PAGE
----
Report: 1-in-4 risk driving still smashed

27 November 2018

Almost one-quarter (23%) of drinkers believed they were still over the legal limit the next morning and an alarming one-in-four (27%) of those still got behind the wheel, according to the NRMA's Still Smashed? report into drink driving.

Download: Still Smashed?

Still Smashed? includes a new survey of over 1,400 NRMA Members which also found that of drivers under the age of 25, 58 per cent who drank alcohol the night before thought they were still over the legal limit the next morning and of those, more than half (54%) drove.

In 2017, 55 people lost their lives on NSW roads due to an alcohol-related crash – or one-in-seven crashes where someone lost their life. From 2015-17 almost four-in-five (79%) of alcohol-related fatal crashes occurred on country roads.

The NRMA has released Still Smashed? in the midst of the Christmas party season to remind revellers of the risk of drink driving. The NRMA welcomes recent announcements of the recruitment of more police officers. The report calls for 200 dedicated Highway Patrol Officers, especially in regional NSW.

The report found that drivers were taking the risk of getting behind the wheel the next morning because:

  • They had to work or had plans the next morning and needed to drive (67%)
  • There was no other transport available (32%)
  • Organising alternative transport was too inconvenient (21%)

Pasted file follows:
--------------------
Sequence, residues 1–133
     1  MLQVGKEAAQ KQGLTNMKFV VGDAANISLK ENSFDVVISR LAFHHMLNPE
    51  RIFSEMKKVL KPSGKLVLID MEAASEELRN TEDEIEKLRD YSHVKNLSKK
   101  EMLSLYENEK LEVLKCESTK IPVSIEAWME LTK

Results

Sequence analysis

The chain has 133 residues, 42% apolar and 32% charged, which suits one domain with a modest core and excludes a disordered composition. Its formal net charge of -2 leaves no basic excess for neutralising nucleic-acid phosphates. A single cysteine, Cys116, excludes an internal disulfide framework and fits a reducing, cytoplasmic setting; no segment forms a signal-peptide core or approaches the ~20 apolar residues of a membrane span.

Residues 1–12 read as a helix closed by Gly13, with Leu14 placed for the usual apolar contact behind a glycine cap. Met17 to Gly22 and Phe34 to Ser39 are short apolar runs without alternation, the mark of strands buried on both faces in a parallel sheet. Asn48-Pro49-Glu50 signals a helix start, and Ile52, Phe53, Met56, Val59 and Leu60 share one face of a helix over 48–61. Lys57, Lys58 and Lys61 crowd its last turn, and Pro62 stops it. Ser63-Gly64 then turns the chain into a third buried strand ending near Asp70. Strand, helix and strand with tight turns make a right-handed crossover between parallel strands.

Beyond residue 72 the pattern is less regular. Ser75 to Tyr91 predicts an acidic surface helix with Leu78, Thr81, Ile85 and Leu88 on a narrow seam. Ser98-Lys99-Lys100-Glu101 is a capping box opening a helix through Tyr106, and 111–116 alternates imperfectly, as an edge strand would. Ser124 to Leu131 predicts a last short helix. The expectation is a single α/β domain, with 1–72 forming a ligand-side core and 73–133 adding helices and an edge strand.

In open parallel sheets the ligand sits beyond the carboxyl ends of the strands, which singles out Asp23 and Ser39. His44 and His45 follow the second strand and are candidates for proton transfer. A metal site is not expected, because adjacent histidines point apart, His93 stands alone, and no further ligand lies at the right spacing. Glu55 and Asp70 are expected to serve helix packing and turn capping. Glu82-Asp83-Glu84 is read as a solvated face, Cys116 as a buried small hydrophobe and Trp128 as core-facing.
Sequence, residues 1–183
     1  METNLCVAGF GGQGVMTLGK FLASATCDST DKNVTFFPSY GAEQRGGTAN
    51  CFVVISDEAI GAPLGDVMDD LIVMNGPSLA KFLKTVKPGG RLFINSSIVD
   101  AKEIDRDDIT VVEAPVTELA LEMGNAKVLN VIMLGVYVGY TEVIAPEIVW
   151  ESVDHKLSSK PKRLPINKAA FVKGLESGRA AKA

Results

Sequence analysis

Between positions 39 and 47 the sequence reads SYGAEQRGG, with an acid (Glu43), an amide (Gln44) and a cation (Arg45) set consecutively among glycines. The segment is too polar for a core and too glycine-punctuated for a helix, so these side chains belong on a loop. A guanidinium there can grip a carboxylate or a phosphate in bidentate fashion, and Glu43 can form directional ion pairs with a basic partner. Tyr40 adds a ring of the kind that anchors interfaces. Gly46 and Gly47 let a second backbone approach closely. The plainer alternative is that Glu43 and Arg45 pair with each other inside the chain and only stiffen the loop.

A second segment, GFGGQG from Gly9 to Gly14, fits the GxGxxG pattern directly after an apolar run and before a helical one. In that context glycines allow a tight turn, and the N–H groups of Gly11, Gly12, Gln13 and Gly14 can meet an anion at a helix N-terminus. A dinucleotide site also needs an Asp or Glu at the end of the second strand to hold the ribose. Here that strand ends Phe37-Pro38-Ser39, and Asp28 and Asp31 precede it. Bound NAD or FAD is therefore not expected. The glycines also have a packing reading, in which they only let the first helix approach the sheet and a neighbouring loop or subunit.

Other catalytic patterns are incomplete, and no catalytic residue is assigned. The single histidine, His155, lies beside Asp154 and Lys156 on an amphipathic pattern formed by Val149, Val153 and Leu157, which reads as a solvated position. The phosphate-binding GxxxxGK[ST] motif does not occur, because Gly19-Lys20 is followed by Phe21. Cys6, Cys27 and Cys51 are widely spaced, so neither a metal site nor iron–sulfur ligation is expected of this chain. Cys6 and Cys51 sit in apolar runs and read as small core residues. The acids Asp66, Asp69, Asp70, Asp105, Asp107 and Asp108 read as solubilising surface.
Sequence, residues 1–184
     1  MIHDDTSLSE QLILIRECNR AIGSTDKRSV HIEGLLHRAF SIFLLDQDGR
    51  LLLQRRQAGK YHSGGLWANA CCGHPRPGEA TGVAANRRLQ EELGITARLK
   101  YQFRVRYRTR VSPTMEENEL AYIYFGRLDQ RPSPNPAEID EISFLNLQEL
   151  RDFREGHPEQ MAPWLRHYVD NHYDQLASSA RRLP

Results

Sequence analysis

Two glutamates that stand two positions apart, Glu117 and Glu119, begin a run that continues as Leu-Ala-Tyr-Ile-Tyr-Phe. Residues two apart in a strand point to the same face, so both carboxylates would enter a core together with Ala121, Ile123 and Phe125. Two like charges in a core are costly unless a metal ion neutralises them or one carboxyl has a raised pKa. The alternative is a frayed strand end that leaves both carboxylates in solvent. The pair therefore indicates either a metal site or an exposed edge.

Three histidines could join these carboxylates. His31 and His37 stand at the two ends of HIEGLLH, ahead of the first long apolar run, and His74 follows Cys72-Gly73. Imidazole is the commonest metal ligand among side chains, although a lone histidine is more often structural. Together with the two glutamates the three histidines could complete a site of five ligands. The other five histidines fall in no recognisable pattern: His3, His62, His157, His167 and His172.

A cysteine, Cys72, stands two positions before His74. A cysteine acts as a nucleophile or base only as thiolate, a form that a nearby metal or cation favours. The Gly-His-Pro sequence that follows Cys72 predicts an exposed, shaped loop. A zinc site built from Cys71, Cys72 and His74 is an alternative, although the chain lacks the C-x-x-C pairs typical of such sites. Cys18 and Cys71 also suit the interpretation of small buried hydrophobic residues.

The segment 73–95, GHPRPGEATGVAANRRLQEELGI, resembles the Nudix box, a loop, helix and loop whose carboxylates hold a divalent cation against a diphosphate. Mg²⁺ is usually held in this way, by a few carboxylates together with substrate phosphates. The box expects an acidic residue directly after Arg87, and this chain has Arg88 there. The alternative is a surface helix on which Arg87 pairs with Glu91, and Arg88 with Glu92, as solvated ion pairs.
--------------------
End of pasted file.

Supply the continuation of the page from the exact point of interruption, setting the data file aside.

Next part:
NRMA Road Safety Expert Dimitra Vlahomitros said when an alarming 93 per cent of drink drivers killed on our roads were men and 67 per cent were under the age of 40 it was clear more needed to be done to tackle those demographic groups most at risk.

“NRMA Members rank drink driving as their second biggest road safety fear. It’s been over 40 years since the NRMA launched the state’s first ever education campaign to tackle drink driving and there is still a lot of work to be done to save lives,” Ms Vlahomitros said.

“Last year, NSW Police conducted nearly five million breath tests, so people getting in the car with alcohol in their system over the holiday period are at great risk of getting caught – if they don’t kill themselves or others first.”

The report also calls for:

  • A trial of alco-gate technology to prevent people driving from venues over the limit
  • Ensure major regional events include alternative transport options to stop people drink driving
  • Look for innovative ways to fund public and on-demand transport in regional areas
  • Encourage businesses to voluntarily install alcohol interlocks into their fleet vehicles.